based products outperform others, particularly in tough factory and industrial settings. The
protocol is especially fast and reliable, offering superior performance and unparalleled
immunity against jamming and interference.

 24-bit Cyclic Redundancy Check (CRC). Comprehensive error detection and correction
algorithms are critical protocol components for reliable data transmission. Cirronet’s 24-bit
CRC ensures error-free data delivery by checking the integrity of each data packet

 Automatic Repeat-Request (ARQ). ARQ enables transparent data retransmission in the
event an error is detected by the CRC mechanism. ARQ uses an acknowledgement to
indicate that data was received without error; if an acknowledgement is not received, data
is retransmitted. The approach offers significantly lower overhead than Forward Error
Correction (FEC)—when data is received without error, the only overhead is the
acknowledgement—typically a few bytes.

 Data Security. Star topology allows only remote-to-base communications and provides
inherent security against outside intrusion. Systems allowing peer-to-peer
communications (such as 802.11) allow foreign device to tap into unprotected wireless
networks. If the factory floor network is tried to the corporate MIS network, for example,
sensitive corporate information can be exposed. By rapid and continuous change of
frequency, Cirronet’s FHSS provides an additional layer of security and makes the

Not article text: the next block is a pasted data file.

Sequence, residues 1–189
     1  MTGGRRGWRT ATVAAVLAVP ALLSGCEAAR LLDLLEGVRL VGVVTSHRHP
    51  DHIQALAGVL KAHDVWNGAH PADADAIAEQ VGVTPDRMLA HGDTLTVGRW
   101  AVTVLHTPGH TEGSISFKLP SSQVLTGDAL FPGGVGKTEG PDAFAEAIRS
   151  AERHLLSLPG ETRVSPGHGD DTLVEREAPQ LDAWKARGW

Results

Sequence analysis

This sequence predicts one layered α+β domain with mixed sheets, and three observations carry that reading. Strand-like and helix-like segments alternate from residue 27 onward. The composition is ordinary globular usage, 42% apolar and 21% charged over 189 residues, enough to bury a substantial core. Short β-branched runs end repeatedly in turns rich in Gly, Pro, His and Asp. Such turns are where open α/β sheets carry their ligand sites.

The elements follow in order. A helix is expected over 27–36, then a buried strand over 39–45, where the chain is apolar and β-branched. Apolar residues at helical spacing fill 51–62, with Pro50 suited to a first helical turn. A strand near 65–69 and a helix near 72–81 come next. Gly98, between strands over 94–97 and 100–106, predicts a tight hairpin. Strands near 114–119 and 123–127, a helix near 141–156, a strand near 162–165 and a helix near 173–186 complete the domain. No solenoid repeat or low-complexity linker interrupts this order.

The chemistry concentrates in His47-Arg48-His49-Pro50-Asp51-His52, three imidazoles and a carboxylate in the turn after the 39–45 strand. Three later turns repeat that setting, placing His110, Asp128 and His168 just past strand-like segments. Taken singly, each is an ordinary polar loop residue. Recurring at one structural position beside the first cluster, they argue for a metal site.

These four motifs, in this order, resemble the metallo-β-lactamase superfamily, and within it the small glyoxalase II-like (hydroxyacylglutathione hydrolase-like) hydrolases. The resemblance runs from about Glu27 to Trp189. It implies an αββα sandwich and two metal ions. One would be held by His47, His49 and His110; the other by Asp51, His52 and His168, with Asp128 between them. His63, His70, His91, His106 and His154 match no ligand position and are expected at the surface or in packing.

transmission very difficult to detect.
Wireless Communications for Industrial Applications Cirronet White Paper

Cirronet’s spread spectrum Ethernet bridges (SEMs) provide long range, high-speed wireless
connectivity among Ethernet devices in industrial settings and over distances far exceeding
typical cable run length maximums. SEMs have many uses, including network bridging, PLC
networking and SCADA among other industrial automation and data collection applications. SEM
features include:

 High Speed, Reliable Data Throughput. Up to 1 Mbps throughput, with 1.23 Mbps total
over-the-air bandwidth.

 Long Range Operation. SEMs provide wireless connectivity for Ethernet network nodes
up 1.5 miles apart with the standard whip antenna. Optional gain antennas substantially
extend operating range.

 Standard Ethernet Connection. 10Base-T and/or 100Base-T connections (depending on
model). Wirelessly networks all Ethernet-equipped devices, including sensors, PLCs, and

 Patented FHSS Technology. Proven frequency hopping performance for quick and
reliable transmission of critical data.

 Interference Immunity. Superior resistance to RF interference and multipath fade.

 License-free Operation. Globally license-free 2.4 GHz ISM band.